The defense is straight up falling apart due to injuries. We knew Devon Kennard and Robert Ayers, Jr. were ruled out before the game started, then the Giants lose MLB and defensive Captain Jon Beason to a concussion. There’s a good chance all 3 of those guys miss the Monday nighter against Philly. All those scratches could lead to a really embarrassing blowout in primetime and a tie atop the division with the ‘breaker going to the Eagles.

The Sunday Night Football crew showed a graphic in the fourth quarter to illustrate just how bad this defense is down the stretch. Sure enough, they’re dead last in points and yards allowed in the final frame. And, it’s been like that every week. Week to week, the Giants defense softens and allows the other team to effortlessly score points. Their wins in Weeks 3 and 4 were seriously threatened by defensive letdowns and it nearly cost them again here if it weren’t for a dropped interception and Larry Donnell’s iron-clad hands.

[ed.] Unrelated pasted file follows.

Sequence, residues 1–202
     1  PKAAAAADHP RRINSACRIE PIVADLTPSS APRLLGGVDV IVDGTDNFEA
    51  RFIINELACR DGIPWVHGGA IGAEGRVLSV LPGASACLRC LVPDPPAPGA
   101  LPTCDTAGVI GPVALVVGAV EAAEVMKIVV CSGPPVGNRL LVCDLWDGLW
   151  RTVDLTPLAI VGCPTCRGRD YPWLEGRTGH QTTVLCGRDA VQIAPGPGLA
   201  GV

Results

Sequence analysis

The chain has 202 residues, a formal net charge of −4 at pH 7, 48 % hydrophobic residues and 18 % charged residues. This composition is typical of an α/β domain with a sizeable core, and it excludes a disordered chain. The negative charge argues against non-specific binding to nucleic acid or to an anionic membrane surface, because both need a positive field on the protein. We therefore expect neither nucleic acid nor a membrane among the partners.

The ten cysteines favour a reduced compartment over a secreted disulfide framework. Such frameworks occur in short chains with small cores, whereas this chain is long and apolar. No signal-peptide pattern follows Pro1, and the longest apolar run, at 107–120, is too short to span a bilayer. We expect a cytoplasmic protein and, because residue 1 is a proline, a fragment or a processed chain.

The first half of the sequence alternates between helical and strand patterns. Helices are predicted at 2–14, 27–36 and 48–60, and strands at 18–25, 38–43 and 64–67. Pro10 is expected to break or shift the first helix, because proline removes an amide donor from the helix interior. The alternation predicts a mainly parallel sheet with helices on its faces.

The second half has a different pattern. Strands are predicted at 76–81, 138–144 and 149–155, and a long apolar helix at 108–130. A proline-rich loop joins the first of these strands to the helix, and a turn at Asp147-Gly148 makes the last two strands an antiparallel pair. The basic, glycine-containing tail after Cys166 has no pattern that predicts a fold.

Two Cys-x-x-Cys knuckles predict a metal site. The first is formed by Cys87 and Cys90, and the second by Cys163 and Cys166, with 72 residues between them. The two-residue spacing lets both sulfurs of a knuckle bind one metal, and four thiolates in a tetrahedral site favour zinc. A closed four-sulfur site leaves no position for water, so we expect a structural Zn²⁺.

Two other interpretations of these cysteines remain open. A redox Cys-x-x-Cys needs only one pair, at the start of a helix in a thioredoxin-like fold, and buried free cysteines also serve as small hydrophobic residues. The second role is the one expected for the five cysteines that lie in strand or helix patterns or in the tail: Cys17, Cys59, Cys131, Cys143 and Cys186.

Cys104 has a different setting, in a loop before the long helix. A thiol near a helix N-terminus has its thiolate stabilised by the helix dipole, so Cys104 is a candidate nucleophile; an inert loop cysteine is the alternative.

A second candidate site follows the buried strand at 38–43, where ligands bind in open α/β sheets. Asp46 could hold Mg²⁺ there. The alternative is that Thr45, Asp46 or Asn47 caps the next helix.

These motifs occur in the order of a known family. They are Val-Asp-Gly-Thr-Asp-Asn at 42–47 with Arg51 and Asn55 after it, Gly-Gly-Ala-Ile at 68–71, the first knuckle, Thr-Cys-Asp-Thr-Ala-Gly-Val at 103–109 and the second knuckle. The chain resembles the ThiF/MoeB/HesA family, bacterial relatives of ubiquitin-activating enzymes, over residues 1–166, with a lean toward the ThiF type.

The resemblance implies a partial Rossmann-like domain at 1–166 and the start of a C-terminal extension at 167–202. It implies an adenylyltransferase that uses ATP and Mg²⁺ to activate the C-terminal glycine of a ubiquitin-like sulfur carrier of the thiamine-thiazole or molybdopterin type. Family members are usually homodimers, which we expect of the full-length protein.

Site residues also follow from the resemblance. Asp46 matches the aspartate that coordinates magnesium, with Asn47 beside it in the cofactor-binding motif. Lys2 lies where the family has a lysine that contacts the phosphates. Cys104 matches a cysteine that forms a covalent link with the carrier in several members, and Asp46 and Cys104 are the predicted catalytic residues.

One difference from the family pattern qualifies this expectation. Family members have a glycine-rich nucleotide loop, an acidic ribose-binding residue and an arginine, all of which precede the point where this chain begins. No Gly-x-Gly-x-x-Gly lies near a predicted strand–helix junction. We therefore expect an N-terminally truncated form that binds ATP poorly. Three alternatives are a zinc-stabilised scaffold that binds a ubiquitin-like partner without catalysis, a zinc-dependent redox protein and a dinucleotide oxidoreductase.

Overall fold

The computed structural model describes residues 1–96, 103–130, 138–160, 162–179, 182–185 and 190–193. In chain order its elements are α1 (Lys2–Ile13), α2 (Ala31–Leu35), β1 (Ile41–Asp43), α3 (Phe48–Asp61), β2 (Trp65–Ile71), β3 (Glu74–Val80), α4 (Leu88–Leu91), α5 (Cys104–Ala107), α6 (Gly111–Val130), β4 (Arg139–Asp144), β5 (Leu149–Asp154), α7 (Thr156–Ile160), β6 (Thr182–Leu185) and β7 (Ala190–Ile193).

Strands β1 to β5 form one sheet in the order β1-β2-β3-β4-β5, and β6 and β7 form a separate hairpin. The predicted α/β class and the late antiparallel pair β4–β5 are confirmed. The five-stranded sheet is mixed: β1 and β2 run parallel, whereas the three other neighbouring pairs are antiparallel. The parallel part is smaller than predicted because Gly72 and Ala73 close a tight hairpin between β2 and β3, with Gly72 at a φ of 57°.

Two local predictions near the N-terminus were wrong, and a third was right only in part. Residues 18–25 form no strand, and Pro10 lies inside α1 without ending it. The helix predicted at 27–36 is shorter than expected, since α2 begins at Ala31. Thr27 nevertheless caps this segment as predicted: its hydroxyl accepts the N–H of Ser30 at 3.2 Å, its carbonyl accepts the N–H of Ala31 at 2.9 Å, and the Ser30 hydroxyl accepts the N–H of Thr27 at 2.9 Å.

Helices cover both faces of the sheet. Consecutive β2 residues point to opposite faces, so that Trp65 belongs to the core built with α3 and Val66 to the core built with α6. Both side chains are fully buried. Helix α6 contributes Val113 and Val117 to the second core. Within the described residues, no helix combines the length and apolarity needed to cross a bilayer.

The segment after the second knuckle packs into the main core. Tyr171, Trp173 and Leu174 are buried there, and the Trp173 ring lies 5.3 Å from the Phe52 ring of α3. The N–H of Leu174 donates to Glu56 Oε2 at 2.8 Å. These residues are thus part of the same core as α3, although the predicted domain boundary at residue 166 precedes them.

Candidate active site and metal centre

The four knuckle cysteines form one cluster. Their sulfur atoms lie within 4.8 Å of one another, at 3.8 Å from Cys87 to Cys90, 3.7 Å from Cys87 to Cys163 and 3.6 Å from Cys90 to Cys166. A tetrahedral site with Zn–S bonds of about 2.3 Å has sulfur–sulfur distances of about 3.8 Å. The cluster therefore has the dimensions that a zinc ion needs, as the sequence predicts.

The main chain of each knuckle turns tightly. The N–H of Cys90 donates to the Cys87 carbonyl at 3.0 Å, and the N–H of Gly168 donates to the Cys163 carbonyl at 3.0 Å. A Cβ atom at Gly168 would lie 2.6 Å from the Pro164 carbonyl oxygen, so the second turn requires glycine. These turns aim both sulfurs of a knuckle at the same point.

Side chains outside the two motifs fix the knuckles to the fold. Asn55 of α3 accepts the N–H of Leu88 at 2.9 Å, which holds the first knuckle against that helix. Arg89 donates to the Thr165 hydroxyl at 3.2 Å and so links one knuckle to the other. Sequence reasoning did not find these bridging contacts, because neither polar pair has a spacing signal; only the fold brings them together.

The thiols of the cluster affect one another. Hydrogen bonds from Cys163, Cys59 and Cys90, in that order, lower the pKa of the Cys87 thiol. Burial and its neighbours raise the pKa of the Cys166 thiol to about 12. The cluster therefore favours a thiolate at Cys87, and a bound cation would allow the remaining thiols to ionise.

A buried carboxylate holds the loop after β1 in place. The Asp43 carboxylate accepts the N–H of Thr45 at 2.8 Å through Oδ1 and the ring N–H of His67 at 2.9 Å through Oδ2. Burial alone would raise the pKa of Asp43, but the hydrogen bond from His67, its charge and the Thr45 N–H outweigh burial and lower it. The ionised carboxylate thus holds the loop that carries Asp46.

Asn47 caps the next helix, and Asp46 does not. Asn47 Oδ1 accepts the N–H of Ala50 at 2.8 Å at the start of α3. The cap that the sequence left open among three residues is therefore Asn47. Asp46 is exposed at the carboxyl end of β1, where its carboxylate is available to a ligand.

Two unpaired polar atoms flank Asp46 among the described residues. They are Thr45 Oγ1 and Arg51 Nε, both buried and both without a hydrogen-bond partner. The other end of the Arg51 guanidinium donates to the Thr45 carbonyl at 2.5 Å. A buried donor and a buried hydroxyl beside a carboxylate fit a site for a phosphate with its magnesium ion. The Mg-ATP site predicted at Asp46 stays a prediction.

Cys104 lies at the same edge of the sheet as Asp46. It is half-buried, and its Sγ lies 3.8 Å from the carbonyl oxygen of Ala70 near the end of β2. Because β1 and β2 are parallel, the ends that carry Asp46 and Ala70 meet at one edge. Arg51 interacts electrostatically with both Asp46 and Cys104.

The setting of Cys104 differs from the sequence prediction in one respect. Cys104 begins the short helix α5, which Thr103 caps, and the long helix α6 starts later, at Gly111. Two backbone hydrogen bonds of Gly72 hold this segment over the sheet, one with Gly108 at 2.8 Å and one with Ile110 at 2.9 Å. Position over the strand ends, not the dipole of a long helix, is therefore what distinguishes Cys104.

Colin Kaepernick came into this game a shell of a man, his job security in question (Blaine Gabbert?), and his reputation at stake. He’s “not Russell Wilson, bro” as Clay Matthews pointed out last week. Yet, Kaepernick looked more like his old self.

The Bicept-kisser was 23 of 35 for 262 yards and 2 with 0 interceptions, though many would argue Giants safety Landon Collins should’ve snagged that 1 pass in the end zone. He also rushed 3 times for 23 yards and frankly, I’m shocked he didn’t scramble for way more. It was fairly evident the Giants weren’t keying on him, at least not with the Mike. Anytime there was a pass or play-action, Unga (replacing Beason) would bail out and sprint back to cover the middle. It’s nuts to me that the 49ers have abandoned designed runs for Kaepernick. Granted, many of his bootlegs were well-contained by Herzlich and Company, but it seems like the read-option is no longer a part of San Fran’s arsenal.